“You’re in the memory not just of a poet, but of a land itself, ages intersecting at the crossroads of you.” A review of Lorna Smithers’ Enchanting the ShadowlandsContinue Reading...
Archives For Beautiful Writing of Others
The piece I’m writing for The Wild Hunt this week involves lots of Christianity. And maybe some anal-sex, though I was told that anal-sex and anal sex are different. Apparently, the hyphen makes it an adjective. According to my fellow Wild Hunt writer, Terence, the proper use of the hyphenated version might be, “Glad I wore my anal-sex boots today!”
So maybe without the hyphen. My boots are multi-purpose, anyway.
The piece is also about Capitalism and Brighid, though. And particularly about how Capitalism infects modern religions through the allure of power.
You all know I used to be a Christian, yeah? Not just a Christian, but a Southern Baptist, and one quite into it. I was always fucking up to some degree, though–I’d always take certain parts too seriously. I remember when I suggested wine might be okay because, well, Jesus turned water into it. And I was told by a pastor, with a straight-face, no–that wasn’t really wine, but grape juice. They didn’t drink alcohol really. It was like kool-aid.”
I was also an Atheist for awhile. In fact, most European-derived Anarchists tend to be, to some degree. Seeing all the abuse of clergy helped that, but particularly the way the church in Europe and America helped provide the moral and theological justifications for authoritarianism and Capitalist exploitation. Atheism is a justified and quite reasonable response to regimes who use the notion of the Divine as the foundation of oppression against the poor and workers.
I’m always surprised, then, to see Atheism used as a foundation to justify the exploitation of others and the supremacy of the Capitalist system. Therein’s the crux of most of my issues with Atheism within Paganism; not Atheism-in-itself (as I said, not only do I think Atheism to be quite honorable, I was an Atheist myself, as are still many of my friends), but Atheism which questions only belief in the Other as opposed to questioning the entire fucked-up system we find ourselves living within.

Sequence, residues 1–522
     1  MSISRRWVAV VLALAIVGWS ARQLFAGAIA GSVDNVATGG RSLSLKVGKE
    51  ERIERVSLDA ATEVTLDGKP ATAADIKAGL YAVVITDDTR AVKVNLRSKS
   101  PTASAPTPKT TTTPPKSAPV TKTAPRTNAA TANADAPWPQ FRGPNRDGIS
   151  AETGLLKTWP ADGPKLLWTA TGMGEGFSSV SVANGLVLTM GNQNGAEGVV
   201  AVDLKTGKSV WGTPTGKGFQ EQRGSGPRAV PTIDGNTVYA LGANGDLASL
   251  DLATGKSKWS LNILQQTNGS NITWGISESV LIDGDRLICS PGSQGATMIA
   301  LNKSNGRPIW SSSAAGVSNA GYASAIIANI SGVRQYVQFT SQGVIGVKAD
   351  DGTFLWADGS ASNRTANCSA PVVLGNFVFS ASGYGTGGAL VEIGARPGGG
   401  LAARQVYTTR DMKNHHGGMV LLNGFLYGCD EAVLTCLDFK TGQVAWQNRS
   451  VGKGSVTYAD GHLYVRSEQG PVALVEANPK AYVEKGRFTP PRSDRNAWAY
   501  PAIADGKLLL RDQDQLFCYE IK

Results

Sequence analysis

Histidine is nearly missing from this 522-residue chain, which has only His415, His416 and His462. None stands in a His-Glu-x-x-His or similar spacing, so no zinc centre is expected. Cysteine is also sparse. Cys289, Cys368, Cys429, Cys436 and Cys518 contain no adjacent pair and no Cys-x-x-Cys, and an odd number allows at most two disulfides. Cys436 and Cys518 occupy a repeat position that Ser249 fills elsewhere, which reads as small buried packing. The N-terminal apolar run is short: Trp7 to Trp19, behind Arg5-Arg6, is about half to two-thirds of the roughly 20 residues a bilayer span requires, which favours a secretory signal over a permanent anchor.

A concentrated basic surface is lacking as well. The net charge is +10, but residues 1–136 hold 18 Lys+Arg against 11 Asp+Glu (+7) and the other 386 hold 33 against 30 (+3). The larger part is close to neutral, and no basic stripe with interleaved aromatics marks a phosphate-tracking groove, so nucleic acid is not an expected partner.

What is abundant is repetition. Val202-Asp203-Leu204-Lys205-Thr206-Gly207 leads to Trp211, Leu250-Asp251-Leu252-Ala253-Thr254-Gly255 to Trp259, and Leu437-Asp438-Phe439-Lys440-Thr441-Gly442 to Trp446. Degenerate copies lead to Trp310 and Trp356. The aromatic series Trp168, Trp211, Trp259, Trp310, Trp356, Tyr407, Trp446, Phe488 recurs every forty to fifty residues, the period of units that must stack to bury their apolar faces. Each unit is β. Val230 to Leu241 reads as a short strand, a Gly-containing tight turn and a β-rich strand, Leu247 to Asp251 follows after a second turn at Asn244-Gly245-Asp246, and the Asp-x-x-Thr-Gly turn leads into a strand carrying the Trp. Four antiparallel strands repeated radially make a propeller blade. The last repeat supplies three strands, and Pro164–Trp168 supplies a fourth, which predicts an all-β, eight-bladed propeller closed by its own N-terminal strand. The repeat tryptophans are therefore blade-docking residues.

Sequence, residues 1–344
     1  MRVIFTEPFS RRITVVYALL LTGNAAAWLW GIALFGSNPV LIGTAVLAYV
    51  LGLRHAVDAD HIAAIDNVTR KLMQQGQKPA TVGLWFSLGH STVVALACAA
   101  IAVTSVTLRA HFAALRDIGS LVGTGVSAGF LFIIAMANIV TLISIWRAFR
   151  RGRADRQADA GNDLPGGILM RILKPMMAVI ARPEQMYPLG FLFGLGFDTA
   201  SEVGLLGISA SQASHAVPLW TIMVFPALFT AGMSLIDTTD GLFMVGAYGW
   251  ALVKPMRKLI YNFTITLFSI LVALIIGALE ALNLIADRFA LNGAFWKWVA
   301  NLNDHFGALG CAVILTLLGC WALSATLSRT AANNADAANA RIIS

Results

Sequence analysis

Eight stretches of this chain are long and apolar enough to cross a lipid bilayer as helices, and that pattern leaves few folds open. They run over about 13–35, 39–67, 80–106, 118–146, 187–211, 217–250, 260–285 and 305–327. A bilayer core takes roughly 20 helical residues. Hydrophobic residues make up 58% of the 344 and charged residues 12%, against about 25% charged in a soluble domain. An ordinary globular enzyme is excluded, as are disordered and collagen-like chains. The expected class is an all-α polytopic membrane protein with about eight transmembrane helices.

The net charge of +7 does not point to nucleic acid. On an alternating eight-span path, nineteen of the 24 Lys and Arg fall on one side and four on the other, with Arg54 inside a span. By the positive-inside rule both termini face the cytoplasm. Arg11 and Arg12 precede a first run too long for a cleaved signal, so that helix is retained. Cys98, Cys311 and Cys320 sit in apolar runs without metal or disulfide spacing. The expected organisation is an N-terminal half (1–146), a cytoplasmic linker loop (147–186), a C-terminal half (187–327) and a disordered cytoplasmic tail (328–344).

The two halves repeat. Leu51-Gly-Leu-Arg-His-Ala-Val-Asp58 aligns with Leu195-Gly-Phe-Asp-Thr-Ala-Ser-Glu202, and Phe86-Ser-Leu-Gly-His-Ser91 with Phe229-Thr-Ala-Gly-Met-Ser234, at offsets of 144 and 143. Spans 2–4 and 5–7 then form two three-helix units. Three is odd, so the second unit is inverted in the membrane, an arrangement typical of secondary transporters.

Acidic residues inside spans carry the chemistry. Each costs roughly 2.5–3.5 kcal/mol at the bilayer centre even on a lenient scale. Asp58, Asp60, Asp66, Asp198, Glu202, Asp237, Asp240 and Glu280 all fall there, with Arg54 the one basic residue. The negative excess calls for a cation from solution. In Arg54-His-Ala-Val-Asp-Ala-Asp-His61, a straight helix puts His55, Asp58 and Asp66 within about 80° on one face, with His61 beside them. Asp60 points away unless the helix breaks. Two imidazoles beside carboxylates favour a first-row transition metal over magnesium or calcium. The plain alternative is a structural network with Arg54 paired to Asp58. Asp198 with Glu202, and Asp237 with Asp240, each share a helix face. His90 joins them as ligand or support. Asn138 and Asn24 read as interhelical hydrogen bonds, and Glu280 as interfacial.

Same, though, with Christianity. I’ve many Christian friends, and they’re all anti-Capitalist. They, too, are confused by others within their own religion who use their belief structure to justify Capitalism.
What that leads me to understand, though, is that there’s another axis entirely in all most religions which is not measured but is significant enough that those of us who fall upon one side immediately recognize in each other that belief.
The rest will be in that article. There’s a funny thing, though, one I recently brought up to my co-writers at The Wild Hunt. I am not the only gay druid to have ever written about Christianity for The Wild Hunt. But don’t worry–I’m going nowhere.
A funny matter though–the last significant post said other-gay-druid wrote about gods at all was an almost panicked detailing of his experience with a certain goddess he encountered.
Which reminds me–there’s a really good post by Brennos at Strixian Woods about The Morrigan and proselytization that I’d suggest reading. It addresses both the matter of the ‘seeming popularity’ of a certain goddess in a way that neither privileges media portrayals nor ignores them. I think for many of us, the rise of The Morrigan indicates something portentous. My own reactions with her have thus far been scant and very cautious–she’s not a god I suspect I’ll ever oath myself to, but one it seems I still must offer support to regardless. Like The Dagda–he didn’t like me one bit, but that didn’t stop me from giving money to homeless people on the streets of Dublin and telling them it was from The Dagda. He might not like me, and maybe I don’t like him–I don’t know, we didn’t get much a chance to chat–but it is important to me that others notice him, regardless.
And is that not what much of this is about? A Christian mentioned to me that I’ve helped sharpen his faith in his god, and he’s not the first to have told me this. But I’m not a Christian and have no truck with their god. But still, people taking their gods seriously is important regardless of which god that is, especially for those who suspect their god(s) aren’t pleased ’bout how we’re annihilating ourselves by annihilating the earth.
And yesterday, I noted a third review of Your Face is a Forest was posted by P. Sufenas Virius Lupus. Not only was the review title my favorite ever, but I almost cried reading PSVL’s description of my writing: